To begin with, an individual must identify the goal, corpus required and the time-frame of investment. Besides these, one must understand the risk profile of the investments, especially if they are market-linked. Typically, for higher education education expenses, if the present value is Rs 10 lakh, after 18 years, the required corpus would be close to Rs 29 lakh or three times the present value, assuming an annual inflation of 6%
Brijesh Damodaran, managing partner of BellWether Advisors LLP, says investment for childrens need must comprise a combination of a child plan policy from an insurance company, mutual funds through systematic investment plan with equity and debt exposure, direct equity investment for the more enterprising lot and even real estate. There is no right way to invest, but you should invest only after understanding the various investment avenues and frame a proper asset allocation strategy, he says.
As per Income Tax Act, 1961, if an individual invests in the name of the child, the income generated from such investments is clubbed with the individual's income and taxed accordingly. But if you transfer the money through a deed to a child who is over 18 years of age and invest in his name, the income generated will not be clubbed with your income.
Public Provident Fund (PPF) is an ideal avenue for risk-averse investors to provide for childrens future needs, as it guarantees the principal invested and returns. One can invest up to Rs 1.5 lakh in PPF in a financial year, which gives annual compounded return of 8.7% at present. When an individual opens a PPF account for his minor child, the childs account is maintained under the guardianship of the parent and both accounts are seen as one and the overall limit cannot exceed Rs 1.5 lakh. Either of the parents can open a PPF account on behalf of the minor. The documents required are a passport-size photograph, proof of age of the child and PAN of the guardian.
Investment can be made only in multiples of Rs 500 with 12 maximum transactions a year. PPF investments enjoy a tax deduction benefit under Section 80C of the Income Tax Act and the interest earned is completely tax-free. The duration of a PPF account is 15 years and can be extended for blocks of five years. The account can be opened at a bank or a post office.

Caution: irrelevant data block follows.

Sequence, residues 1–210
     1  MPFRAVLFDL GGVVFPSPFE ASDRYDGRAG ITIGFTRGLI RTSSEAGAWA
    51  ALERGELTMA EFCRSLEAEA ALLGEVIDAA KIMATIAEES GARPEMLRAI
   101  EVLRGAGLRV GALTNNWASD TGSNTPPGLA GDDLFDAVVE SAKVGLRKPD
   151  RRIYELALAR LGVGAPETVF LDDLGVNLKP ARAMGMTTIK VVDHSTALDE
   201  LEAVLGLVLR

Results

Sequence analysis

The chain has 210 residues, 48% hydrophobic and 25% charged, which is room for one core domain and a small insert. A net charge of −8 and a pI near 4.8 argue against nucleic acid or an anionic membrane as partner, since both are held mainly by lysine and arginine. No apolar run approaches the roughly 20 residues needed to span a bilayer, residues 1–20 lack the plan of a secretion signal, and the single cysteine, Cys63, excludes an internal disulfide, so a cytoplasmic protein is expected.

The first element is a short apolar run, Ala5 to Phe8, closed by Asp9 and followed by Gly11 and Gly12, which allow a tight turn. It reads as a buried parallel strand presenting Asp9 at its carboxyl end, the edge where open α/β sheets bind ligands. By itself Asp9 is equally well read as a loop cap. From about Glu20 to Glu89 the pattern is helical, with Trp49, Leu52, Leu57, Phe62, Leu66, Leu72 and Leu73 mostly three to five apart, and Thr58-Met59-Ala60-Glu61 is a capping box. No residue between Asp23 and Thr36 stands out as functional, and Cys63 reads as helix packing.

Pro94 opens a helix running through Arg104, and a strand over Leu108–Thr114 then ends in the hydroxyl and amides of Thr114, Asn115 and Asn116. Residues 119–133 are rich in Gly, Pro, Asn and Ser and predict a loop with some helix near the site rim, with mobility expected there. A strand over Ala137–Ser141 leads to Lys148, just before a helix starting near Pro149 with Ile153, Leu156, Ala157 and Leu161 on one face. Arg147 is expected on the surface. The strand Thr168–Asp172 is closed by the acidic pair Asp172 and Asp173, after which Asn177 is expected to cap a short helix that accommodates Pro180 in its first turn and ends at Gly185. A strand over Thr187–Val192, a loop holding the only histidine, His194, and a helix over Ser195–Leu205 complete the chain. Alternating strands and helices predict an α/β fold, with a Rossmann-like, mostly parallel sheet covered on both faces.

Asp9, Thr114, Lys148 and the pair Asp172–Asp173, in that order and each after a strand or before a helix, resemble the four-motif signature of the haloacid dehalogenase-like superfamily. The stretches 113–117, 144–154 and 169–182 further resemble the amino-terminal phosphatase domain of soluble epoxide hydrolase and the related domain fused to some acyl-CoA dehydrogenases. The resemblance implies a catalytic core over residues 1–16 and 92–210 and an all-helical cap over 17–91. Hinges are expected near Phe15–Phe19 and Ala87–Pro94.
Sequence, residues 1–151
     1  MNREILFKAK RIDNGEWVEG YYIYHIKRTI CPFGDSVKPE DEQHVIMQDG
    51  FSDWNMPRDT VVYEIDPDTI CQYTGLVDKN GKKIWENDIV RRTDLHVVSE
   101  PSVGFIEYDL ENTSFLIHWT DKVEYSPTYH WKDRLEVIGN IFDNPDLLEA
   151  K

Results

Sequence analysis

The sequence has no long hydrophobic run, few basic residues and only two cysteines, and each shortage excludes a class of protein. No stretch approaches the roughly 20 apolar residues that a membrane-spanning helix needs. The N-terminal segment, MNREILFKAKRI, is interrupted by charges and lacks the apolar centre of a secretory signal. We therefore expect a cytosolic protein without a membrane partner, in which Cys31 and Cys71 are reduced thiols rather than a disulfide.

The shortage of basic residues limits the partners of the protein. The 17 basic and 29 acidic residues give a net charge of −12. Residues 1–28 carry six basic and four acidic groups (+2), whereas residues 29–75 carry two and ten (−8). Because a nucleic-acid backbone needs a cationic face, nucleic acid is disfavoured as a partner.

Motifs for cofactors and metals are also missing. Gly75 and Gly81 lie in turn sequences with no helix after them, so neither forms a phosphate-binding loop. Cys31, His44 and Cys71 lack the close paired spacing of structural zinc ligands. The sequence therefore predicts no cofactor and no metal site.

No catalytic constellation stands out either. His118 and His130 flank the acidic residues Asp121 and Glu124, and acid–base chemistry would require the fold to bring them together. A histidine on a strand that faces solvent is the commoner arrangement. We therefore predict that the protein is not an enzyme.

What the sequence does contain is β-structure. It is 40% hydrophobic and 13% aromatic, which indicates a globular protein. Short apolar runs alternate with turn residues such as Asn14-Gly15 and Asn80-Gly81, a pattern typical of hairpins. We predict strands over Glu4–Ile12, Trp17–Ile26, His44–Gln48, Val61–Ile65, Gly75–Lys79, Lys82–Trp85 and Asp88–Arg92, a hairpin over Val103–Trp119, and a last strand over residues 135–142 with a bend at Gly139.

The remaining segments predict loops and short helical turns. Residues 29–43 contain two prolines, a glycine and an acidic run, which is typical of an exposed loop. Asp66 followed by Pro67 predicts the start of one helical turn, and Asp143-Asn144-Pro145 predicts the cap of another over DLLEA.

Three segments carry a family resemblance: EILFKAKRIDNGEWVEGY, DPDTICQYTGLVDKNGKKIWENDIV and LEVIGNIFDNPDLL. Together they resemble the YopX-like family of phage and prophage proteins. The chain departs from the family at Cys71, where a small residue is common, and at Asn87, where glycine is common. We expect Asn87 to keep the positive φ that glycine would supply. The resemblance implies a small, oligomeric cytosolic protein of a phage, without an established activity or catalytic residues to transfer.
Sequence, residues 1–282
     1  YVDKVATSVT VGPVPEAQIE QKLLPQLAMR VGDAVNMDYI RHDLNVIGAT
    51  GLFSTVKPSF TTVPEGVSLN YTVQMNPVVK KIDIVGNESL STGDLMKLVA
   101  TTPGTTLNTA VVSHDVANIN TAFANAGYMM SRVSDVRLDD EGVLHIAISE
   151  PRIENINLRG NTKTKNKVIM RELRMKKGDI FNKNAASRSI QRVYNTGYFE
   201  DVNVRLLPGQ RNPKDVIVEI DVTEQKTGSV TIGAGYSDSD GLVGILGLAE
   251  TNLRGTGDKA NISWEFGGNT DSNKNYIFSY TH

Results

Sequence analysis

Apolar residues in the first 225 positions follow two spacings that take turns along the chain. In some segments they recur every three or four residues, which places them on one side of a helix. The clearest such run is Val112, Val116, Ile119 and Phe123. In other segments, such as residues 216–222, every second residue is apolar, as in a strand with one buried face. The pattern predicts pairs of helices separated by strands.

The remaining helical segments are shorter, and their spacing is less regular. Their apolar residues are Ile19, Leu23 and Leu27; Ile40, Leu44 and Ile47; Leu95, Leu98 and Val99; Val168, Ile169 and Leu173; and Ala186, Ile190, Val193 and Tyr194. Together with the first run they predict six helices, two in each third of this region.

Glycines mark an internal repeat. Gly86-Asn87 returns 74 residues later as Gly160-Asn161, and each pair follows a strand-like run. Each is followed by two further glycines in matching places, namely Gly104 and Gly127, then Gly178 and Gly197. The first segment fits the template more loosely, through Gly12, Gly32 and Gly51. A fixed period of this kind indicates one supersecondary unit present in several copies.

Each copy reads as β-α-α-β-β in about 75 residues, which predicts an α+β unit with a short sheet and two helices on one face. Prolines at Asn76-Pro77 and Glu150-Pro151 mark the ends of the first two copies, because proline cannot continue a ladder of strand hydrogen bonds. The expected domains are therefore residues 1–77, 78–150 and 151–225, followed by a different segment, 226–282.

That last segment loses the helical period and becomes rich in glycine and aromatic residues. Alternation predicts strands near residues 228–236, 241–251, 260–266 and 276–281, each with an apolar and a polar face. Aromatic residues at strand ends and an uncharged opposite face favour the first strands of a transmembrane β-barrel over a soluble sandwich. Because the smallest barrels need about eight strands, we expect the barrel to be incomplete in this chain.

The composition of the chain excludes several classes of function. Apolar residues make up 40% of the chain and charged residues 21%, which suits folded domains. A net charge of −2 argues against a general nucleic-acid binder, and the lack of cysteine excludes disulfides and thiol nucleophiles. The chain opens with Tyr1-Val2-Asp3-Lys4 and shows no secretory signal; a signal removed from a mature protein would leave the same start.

So, if you invest Rs 1.5 lakh each year and the interest rate remains at the current rate of 8.7%, at the end of 15 years, the total value will be around R46.76 lakh. This can be a good corpus for your child's education or marriage. Though the PPF tenure is for 15 years, partial withdrawal is permissible every year after the completion of seven years.
Insurance is another way to save for your childs kitty. One can choose between endowment and unit-linked insurance plans, which give tax benefit under Section 80C, where premiums up to Rs 1.5 lakh are allowed as a deduction from your taxable income every year.
Under Section 10 (10D), the benefits from the plan are exempt from tax. Insurers also offer single-premium child plans and even customise the policy according to the requirement of the child. Under child insurance plans, one can invest a fixed amount as a premium for a specific period and get the fund value at the end of the period.
The risk cover in child insurance plans is for the earning parents and not the child and all maturity benefits continue irrespective of the death of the life insured.
However, like all insurance products, there are costs involved like mortality charge, premium allocation charge, policy administration charge, fund management charge and surrender and fund switch charges.
Analysts say if one needs a lump sum for the child's higher education, one should go for child traditional endowment policies. If the child is completely dependent on the parent's money, it makes sense to go for a term policy. This will take care of the financial need in case of untimely demise of a parent.
Moreover, one must read the fine print carefully before investing in any child insurance plan as some insurers specify that the risk cover becomes effective after two years of the commencement of the policy.
One should also look at the option of investing in mutual funds. They generate more returns as, traditionally, equity linked-investments generate more returns in the long run.
A regular systematic investment plan of a mutual fund is an ideal way to accumulate funds for children's education or marriage needs as they deliver double-digit returns. However, unlike insurance, mutual funds do not have protection,which is an important component in a child plan, says Damodaran.
Baby steps to success
Plan early with proper asset allocation and rebalance the portfolio as and when required
To begin with, identify the goal, corpus required and the time-frame of investment
Understand the risk profile of the investments, especially if they are market-linked
Experts say investment for childrens need must comprise a combination of a child plan policy from an insurance company, mutual funds through systematic investment plan with equity and debt exposure, direct equity investment for the more enterprising lot and even real estate